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Scan PDF compression

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When is scan compression useful?

Use scan compression to reduce a scan’s PDF file size. This is useful when you need to send PDFs by email, and also reduces the amount of file storage required. Many organizations impose file size restrictions on email attachments, so the scanned PDF files need to be an email-friendly file size.

Enabling any of these document processing features causes the PDF file sizes to increase:

  • OCR (optical character recognition) to create searchable PDFs
  • Blank page removal
  • Batch splitting
  • PDF/A
  • Deskew
  • Despeckle

When PaperCut MF processes a document with any of the features above, it converts the PDF pages into PNG image files to analyze them. For example, it converts pages to a PNG to optically recognize the text to create the searchable OCR text layer, or to check how blank a page is to decide if it can be removed (if blank page removal is enabled). 

After conversion to PNG, the pages are reassembled in a PDF. The conversions across different file types increase the final PDF file size.

Lossy compression technology

To prioritize file size reduction, PaperCut MF uses lossy compression. Lossy compression suits a variety of situations where file size is a primary concern, and the quality of the document can tolerate some loss of detail or information. 

Lossy image compression is a method of reducing an image’s file size by selectively discarding some of the image data. It removes information that is less important or perceptually less significant, such as high detail or color information that is outside the range of human vision.

Advantages of lossy image compression

  • Smaller file size - Lossy compression can result in significantly smaller file sizes, which can be beneficial when storing large numbers of files.
  • Faster transmission - Smaller file sizes also means faster transmission over networks or the internet, which can improve the user experience.
  • Reasonable quality - Lossy compression can achieve good image quality with a reasonable degree of compression, making it suitable for most applications where highest-quality images are not essential.

Disadvantages of lossy image compression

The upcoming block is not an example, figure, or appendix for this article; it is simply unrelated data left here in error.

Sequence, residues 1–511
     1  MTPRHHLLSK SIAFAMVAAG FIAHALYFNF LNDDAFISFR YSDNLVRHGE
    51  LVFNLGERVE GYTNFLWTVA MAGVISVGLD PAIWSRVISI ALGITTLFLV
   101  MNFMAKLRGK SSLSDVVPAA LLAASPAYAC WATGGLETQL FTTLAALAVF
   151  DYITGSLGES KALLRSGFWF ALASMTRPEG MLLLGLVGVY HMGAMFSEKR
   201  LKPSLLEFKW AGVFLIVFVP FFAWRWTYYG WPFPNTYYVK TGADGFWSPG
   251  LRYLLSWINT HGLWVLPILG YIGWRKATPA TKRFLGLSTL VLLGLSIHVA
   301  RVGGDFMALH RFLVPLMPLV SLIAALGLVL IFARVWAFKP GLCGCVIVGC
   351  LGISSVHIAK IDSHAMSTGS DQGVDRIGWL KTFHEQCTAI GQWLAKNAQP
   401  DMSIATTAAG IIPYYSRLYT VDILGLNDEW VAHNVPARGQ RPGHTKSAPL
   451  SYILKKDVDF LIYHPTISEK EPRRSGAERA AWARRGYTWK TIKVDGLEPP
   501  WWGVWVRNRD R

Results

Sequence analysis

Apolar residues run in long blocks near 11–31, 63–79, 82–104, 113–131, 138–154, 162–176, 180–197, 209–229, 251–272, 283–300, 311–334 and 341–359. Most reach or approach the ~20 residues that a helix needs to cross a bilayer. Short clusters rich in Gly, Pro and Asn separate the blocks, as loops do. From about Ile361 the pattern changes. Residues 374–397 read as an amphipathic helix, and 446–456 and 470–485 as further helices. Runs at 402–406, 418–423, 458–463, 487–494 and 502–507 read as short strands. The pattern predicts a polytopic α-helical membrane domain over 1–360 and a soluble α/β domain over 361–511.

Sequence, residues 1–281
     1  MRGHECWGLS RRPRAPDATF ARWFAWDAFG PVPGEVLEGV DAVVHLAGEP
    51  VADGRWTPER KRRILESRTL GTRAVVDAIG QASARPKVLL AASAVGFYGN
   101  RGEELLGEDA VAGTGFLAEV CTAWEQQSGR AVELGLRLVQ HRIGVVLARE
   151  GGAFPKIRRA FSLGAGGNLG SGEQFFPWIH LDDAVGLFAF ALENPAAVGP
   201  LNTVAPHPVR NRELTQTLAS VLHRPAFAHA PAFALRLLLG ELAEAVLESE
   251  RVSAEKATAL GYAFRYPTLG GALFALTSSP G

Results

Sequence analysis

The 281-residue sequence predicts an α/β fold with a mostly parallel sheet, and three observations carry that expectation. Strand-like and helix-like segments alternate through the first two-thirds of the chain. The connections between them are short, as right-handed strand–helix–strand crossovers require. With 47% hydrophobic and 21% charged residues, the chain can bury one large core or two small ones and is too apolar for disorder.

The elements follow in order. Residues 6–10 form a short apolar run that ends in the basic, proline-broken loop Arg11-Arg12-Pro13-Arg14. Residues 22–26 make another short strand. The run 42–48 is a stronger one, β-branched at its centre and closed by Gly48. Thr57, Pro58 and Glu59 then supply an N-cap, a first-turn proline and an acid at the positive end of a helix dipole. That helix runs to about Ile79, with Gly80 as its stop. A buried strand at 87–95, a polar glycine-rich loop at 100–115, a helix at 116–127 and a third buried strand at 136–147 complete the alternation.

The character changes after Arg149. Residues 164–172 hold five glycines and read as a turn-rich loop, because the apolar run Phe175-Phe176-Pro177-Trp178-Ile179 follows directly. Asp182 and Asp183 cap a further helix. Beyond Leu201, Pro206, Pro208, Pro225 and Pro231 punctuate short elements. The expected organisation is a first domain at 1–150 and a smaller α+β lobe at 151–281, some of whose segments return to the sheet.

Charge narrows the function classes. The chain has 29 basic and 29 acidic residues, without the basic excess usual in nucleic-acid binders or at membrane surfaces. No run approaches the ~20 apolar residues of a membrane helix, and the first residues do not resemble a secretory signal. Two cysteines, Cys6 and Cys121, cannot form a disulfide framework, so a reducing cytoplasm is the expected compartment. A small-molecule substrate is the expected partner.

• Loss of quality - The main disadvantage of lossy compression is that it can result in a loss of image quality. Depending on the degree of compression and the characteristics of the image, this loss of quality can be noticeable and may reduce the usefulness of the image.
  • Irreversibility - After an image is compressed using a lossy method, it is not possible to recover the original image. This can be problematic if the original image needs to be restored because the compression method is no longer suitable for the intended use.
  • Limited editing - Lossy compression can make it more difficult to edit the image, especially if it involves resizing or cropping. This is because the compressed image may contain artifacts or other irregularities that can affect the editing process.
  • Poor performance on certain types of images - Lossy compression might not perform well on certain types of images, such as those with high contrast or fine details. 

Compression level recommendations

Choose your required compression level based on the specific needs and requirements of your use case. If image quality is essential or if the image needs to be edited or manipulated, no compression or low compression might be the better choice. However, if file size and transmission speed are the main considerations, compression might be more suitable.

PaperCut MF offers these 3 compression levels for scan output PDFs:

  • Low compression - minimize the downsides of lossy compression (detailed above),
  • Medium compression - trade off between file size and image quality
  • High compression - smallest file size, poorer quality text and images

All of these compression levels use lossy compression. 

In general, choose Low compression to minimize the downsides of lossy compression detailed above, and Medium or High compression if file size is your greatest concern.

Here are some use cases:

  • When the document contains images or graphics with fine details, select low compression to preserve the visual clarity of the document.
  • When the document needs to be printed, select low compression to ensure that the document prints with high quality, especially if it contains graphics, images or text with small fonts. If a PDF with high compression is printed, the output quality may suffer.
  • When the document needs to be edited, select low compression because the PDFs are often easier to edit than highly compressed PDFs, especially if the document contains images or graphics. High compression can lead to artifacts or errors when editing the document.
  • Email attachments can have size limits, so using high compression PDFs can help you send large files as attachments more easily.

Overall, deciding on which PDF compression level to use for scanned documents depends on your specific requirements and intended use of the PDF document. Always consider factors such as image quality, print quality, editability, security, and archival value when making this decision.

Compression is not recommended if you need to preserve the quality of sensitive documents for future reference e.g. legal documents, patient records.